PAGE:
Local ivory traders angry at release of African stockpile
FIONA HOLLAND and SHIRLEY KWOK
Ivory traders will call on the Government to lobby the international community and allow Hong Kong to trade its massive stockpiles with Japan.
The move comes after the relaxation of the seven-year international trade ban which will allow controlled trade by Botswana, Namibia and Zimbabwe.
A trial 62 tonnes of stockpiled ivory from the three African countries will be sold to Japan in 1999, subject to both parties implementing stringent monitoring controls.
The decision by the 138 member states of the Convention on International Trade in Endangered Species of Wild Flora and Fauna has increased frustration among local traders, who are sitting on a stockpile of 286 tonnes of ivory.
The controversial decision does not change the legal status of the ivory stockpiled in Hong Kong, which was imported before the 1989 ban and can only be sold within the territory.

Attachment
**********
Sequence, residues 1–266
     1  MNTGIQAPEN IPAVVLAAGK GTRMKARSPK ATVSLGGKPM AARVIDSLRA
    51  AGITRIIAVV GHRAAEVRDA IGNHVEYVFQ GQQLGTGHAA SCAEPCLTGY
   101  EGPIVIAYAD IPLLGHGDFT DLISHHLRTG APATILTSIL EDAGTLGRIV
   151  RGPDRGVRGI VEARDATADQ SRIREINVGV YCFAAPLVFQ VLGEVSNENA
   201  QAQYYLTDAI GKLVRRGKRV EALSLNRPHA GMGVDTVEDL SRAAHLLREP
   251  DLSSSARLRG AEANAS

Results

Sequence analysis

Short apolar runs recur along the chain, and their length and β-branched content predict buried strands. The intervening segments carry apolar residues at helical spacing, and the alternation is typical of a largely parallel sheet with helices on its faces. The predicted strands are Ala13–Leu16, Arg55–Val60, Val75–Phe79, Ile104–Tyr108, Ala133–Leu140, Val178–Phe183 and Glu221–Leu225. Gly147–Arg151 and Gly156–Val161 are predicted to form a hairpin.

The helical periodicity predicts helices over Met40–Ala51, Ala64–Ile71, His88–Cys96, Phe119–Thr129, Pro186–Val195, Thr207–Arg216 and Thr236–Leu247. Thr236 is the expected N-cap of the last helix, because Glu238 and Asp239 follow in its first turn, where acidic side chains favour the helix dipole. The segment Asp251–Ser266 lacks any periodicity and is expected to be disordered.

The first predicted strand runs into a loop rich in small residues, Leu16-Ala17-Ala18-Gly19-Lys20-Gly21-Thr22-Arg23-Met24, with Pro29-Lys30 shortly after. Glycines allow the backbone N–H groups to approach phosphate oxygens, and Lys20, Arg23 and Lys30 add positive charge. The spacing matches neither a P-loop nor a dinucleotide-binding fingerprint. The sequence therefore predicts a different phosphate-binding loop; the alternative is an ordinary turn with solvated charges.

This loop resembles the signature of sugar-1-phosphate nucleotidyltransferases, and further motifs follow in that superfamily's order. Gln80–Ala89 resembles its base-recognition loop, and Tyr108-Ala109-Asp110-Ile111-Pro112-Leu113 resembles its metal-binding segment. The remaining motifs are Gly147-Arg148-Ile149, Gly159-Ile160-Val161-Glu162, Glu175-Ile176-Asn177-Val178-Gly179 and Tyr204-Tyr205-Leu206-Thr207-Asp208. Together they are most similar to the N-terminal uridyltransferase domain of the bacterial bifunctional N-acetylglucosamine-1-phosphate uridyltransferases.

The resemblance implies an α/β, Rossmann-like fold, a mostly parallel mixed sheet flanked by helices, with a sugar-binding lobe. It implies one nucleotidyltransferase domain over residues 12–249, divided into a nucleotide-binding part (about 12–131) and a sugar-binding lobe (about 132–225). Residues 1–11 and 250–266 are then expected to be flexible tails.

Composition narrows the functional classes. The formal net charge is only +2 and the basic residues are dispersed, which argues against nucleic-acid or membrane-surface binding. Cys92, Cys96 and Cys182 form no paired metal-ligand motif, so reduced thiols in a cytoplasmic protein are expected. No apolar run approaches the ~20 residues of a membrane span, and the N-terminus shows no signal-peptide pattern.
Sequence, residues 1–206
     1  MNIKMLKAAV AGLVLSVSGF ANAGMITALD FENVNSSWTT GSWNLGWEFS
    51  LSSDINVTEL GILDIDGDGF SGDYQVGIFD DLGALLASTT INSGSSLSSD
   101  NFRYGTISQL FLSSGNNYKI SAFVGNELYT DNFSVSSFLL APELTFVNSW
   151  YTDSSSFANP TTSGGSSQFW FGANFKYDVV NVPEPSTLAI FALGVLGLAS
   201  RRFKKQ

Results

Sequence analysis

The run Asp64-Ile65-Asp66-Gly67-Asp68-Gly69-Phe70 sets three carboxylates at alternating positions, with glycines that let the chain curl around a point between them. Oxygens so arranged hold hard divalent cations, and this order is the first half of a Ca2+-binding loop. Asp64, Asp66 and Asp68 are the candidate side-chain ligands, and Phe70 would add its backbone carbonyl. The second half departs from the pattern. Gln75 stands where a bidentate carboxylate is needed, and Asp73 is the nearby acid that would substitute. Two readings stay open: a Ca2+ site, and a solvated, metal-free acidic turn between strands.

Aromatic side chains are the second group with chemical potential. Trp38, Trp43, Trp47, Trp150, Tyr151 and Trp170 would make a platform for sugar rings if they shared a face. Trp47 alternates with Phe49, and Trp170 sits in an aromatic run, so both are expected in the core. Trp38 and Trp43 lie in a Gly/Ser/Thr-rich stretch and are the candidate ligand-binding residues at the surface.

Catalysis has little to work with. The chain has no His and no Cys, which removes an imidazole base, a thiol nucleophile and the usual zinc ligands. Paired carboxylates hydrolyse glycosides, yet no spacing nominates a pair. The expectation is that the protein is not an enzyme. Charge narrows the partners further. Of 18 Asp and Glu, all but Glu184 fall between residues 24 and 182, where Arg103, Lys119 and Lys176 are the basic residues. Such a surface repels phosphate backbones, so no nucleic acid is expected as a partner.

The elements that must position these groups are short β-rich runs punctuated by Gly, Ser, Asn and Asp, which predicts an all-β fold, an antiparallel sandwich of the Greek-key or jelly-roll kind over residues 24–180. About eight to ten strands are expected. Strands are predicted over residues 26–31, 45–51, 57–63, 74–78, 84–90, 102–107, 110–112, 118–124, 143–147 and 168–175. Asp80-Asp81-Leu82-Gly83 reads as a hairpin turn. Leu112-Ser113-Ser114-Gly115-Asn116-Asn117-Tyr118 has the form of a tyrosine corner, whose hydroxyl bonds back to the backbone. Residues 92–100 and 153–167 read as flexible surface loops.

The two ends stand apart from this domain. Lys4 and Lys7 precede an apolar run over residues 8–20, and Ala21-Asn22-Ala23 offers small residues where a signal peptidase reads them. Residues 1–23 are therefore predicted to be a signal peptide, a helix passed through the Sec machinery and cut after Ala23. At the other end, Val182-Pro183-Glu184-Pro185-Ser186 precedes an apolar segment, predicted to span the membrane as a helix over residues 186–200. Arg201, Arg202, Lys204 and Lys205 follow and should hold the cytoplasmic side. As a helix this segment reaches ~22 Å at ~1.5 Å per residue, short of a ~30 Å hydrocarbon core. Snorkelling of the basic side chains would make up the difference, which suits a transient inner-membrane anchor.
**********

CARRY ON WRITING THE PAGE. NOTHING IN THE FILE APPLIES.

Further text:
Cat Street trader Wong Fat-kwan, of Pivot Trading Company, said it was unfair and traders should lobby the Government.
But vice-chairman of the Hong Kong and Kowloon Ivory Manufacturers' Association Lee Chat said: 'I am not optimistic. We have been negotiating with the Hong Kong Government for a long time. But they just turned a deaf ear.' Sheung Wan trader Leung Shue-woo said prices in Hong Kong would tumble now that Japan had found a legal source.
For the sake of the elephants, Hong Kong's ivory, and not stockpiles in Africa, should be sold to Japan, Mr Leung said.
'All the ivory here has labels to prove it is legal. It would not cause any hunting of elephants in Africa.'